If you gave your tenant notice on or after the 26 March 2020, the notice period must be at least three months. This is because of emergency law changes due to coronavirus.
When do I use a Section 21 notice?
Potentially a more flexible tool, this enables you to give a tenant notice without relying on any of the usual grounds for possession.
But to use it, you must make sure you have fulfilled certain criteria as a landlord before the tenant moved into your property, including:
- Being in line with the Tenancy Deposit Scheme rules including providing prescribed information to the tenant;
- Providing your tenant with the gas safety and energy performance certificates;
- Meeting your rights and responsibilities as a landlord by giving the tenant certain AST prescribed information like the ‘How to Rent Guide’.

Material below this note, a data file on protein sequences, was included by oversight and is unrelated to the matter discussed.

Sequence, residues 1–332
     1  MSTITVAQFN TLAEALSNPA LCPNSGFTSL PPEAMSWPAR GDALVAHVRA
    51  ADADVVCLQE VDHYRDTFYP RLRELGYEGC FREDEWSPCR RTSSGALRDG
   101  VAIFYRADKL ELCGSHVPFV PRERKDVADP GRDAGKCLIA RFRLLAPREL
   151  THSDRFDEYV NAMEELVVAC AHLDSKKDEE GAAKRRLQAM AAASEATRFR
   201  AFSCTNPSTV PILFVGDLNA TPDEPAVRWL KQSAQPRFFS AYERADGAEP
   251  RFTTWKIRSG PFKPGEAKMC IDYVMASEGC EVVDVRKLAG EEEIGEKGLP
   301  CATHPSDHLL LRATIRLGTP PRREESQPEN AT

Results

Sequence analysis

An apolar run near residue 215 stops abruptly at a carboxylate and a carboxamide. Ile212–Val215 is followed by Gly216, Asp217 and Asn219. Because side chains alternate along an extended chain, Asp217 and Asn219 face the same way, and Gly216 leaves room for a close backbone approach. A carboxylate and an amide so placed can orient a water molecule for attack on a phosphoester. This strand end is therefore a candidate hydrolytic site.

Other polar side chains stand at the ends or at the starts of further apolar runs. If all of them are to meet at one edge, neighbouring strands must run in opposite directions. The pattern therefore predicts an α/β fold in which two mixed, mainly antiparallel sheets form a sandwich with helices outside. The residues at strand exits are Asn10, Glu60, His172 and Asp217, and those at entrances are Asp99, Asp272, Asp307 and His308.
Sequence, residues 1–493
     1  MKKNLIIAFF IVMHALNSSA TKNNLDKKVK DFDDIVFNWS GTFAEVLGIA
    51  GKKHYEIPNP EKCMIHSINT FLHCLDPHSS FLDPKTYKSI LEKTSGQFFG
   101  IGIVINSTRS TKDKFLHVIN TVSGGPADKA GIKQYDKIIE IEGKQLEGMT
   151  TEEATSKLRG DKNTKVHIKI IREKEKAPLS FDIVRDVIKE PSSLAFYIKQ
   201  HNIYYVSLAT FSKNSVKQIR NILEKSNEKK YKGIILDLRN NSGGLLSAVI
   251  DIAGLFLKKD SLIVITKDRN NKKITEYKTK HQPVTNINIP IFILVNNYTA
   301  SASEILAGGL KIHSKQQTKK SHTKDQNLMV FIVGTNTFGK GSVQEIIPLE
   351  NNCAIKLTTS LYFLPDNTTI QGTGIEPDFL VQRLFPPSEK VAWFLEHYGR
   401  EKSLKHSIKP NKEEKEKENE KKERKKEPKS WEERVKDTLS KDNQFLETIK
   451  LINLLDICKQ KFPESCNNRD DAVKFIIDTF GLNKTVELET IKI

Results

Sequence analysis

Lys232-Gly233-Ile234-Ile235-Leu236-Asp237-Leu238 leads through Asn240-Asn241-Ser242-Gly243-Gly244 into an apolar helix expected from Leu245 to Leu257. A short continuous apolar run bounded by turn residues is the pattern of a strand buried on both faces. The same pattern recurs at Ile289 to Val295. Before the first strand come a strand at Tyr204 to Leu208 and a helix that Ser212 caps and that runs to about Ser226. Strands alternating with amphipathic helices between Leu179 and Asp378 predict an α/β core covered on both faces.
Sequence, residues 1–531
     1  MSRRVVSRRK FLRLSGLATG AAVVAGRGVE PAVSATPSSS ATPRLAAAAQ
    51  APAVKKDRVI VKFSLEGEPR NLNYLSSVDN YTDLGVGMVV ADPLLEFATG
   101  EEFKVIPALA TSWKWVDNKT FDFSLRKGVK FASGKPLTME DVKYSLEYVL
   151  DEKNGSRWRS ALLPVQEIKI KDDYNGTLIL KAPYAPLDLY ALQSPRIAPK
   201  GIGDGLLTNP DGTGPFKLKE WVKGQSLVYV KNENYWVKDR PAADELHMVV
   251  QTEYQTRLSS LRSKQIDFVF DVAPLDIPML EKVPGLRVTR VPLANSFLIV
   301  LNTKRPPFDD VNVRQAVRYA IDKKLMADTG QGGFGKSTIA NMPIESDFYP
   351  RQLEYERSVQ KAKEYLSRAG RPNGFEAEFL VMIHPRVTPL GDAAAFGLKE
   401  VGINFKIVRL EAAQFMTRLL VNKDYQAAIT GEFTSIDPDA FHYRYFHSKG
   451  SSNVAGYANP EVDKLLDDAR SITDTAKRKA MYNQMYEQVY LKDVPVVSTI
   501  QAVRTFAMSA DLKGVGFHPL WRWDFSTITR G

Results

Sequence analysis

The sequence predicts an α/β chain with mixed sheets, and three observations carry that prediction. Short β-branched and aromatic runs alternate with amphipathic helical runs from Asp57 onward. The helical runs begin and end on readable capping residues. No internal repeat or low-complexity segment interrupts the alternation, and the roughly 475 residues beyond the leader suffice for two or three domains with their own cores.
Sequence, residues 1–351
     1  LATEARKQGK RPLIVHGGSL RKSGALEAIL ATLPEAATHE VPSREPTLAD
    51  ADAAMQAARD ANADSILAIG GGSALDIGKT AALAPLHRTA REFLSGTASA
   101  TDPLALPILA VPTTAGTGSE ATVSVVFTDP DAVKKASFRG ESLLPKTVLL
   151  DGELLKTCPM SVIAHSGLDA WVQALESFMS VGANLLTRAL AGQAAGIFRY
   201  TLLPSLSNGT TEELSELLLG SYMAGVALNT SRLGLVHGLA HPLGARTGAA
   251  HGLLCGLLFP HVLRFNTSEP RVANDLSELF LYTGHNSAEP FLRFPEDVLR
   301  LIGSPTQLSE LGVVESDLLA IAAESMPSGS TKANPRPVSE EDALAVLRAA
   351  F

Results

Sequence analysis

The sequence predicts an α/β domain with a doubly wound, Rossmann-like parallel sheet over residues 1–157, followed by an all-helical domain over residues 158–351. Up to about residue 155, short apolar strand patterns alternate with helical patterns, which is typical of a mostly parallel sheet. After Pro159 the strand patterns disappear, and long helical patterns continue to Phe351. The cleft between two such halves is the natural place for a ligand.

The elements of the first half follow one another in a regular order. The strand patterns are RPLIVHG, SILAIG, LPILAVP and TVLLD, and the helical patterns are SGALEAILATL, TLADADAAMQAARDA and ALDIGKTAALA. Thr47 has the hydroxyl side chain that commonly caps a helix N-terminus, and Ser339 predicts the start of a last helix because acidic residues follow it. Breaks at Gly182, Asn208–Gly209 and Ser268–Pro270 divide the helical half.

How much notice do I need to give my tenants?
With a Section 21 notice, it’s normally two months but longer if you have a ‘contractual’ periodic tenancy.
What if my tenant tries to give me back the keys and walk away?
When a tenant who can’t pay the rent moves out, many landlords think that they have no choice but to accept the tenancy is over. In fact, this isn’t the case.
If a tenant hands back the keys, make it clear that you are not agreeing to end the tenancy but are merely accepting the keys to keep the property secure
There is no obligation on landlords to mitigate their losses if a tenant moves out mid-term. You are within your rights to leave the property empty and bring a claim for unpaid rent against the tenants – and their guarantors – either after the fixed term has come to an end or after they have successfully re-let the property, or at any time before then.
Get in touch
For further advice, please contact Richard Darbinian, James Murray or James Taylor who are all highly experienced lawyers in Wards Solicitors’ acclaimed Property Disputes Team.
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